The Remix Mini is Jide Tech’s second stab at creating a mobile/desktop cross-over device with emphasis on productivity. Earlier this year we saw the fledgling company release the Remix Ultratablet, a 11″ tablet also running Remix OS, with a detachable keyboard, selling for $39 in its Early Bird pledges. The company had some fairly significant issues with shipping from their location in China, and you can see the resulting price rise in the same area this time around, however most users that funded the previous campaign seem pleased with their choice. Remix OS is also available as a ROM for the Nexus 10, will apparently soon be ready for the Nexus 9, and support for the software looks promising so far. The Kickstarter is currently at $370,000 pledged, obliterating its target of $50,000, with all of the cheapest $20 Early Bird packages already sold out, so clearly there is significant demand for this kind of product. At this price, the Remix Mini is very much within ‘impulse buy’ territory, something that an enthusiast could purchase to tinker with, knowing that if something went wrong they don’t have too much to lose. The other advantage is the most people have the peripherals needed to make full use of this mini-PC already lying around already, due to the many connectivity options included.




That fact that the smartphones we carry around with us everyday are powerful enough to perform so many of the tasks that used to be limited to desktop-class systems means that a product like this was inevitable. At this point however, Jibe Tech are the only company selling something this capable at this price point, and it seems to be a winning formula. Prices will almost certainly go up once the campaign has ended and the Remix Mini is in production, but it is likely to remain extremely competitive regardless, so rivals will have their work cut out trying to compete. Jibe Tech also have the bonus of having worked for Google previously, giving their efforts in software far more credibility than others on the crowdfunding arena. We’ll have to wait until October to find out exactly how useful this compact desktop is and how well it performs, but at present things seem to be going very well for the Chinese company.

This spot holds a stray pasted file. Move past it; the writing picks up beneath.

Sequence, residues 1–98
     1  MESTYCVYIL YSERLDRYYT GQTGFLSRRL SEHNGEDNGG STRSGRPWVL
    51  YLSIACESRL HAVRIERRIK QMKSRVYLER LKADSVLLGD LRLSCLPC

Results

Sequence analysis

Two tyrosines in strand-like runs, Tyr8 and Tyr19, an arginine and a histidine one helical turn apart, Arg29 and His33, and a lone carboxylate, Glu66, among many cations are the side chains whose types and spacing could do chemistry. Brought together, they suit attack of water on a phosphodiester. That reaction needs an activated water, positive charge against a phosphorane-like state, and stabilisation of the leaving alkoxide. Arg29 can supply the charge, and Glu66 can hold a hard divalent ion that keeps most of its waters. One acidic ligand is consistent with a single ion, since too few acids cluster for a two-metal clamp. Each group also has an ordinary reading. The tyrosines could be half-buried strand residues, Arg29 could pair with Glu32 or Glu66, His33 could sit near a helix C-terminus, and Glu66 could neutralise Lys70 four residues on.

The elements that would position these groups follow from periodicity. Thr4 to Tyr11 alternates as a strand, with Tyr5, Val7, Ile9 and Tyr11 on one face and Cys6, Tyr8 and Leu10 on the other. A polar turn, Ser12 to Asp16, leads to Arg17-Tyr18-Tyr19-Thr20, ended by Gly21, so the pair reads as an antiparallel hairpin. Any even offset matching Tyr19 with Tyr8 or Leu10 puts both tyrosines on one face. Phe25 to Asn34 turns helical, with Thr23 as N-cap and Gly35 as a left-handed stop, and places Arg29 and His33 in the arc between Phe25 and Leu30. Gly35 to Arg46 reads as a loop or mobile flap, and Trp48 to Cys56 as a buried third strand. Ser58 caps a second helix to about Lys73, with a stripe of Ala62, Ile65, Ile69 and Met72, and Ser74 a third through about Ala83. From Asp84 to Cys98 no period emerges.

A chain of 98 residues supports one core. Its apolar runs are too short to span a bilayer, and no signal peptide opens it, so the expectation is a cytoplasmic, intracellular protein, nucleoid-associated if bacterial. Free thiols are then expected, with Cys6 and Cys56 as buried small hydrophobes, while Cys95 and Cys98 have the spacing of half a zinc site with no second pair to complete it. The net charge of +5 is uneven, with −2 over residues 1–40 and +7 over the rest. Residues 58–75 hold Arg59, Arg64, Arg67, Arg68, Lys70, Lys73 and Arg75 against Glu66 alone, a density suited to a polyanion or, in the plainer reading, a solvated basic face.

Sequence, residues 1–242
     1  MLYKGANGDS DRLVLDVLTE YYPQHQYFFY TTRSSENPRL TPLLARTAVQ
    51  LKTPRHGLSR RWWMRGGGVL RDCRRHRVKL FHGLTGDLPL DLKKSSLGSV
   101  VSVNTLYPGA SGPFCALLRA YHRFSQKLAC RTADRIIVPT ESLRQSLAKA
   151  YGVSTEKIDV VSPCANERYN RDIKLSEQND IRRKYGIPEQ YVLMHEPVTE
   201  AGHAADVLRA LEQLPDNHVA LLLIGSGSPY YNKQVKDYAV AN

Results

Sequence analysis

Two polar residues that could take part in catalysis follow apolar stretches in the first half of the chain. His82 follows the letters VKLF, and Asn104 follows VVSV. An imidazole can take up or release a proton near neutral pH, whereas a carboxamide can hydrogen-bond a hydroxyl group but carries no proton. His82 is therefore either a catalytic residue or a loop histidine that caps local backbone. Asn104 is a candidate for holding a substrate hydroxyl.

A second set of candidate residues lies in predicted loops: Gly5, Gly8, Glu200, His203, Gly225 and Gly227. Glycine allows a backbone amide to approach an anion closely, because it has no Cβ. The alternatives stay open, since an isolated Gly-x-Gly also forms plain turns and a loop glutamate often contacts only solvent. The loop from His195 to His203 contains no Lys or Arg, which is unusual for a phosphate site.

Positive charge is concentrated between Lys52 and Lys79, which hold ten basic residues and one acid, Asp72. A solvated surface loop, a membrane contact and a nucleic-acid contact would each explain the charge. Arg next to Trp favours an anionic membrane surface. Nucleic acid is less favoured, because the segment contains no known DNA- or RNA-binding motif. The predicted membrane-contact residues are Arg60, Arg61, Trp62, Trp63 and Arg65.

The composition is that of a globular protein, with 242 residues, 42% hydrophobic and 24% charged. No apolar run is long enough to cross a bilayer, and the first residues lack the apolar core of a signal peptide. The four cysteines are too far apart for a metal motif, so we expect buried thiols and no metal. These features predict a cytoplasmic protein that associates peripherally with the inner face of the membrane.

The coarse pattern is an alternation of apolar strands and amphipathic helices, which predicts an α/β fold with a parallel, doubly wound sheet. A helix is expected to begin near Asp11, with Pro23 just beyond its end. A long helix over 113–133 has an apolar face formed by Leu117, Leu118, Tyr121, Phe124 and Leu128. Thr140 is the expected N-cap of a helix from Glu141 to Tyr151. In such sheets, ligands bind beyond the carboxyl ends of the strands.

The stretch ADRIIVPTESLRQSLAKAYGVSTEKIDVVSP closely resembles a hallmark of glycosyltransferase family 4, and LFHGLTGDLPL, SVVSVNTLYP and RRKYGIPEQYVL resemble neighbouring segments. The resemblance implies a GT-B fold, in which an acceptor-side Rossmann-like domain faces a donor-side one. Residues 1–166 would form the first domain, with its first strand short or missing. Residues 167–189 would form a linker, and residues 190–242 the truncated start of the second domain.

What do you think of the Remix Mini?

Let us know in the comments!

About author

Jack Jennings
Jack Jennings

Born and raised in Windsor and now living in London, Jack is a British technology enthusiast who also loves language and writing. He's also heavily into composing, producing and playing music, being a member of a progressive post hardcore band, destined for anonymity. After purchasing an HTC Desire in 2010, his affection for Android has steadily grown, leading to an unhealthy addiction to the platform and a thinner wallet. Constantly tinkering, his phone is probably in recovery mode, right now...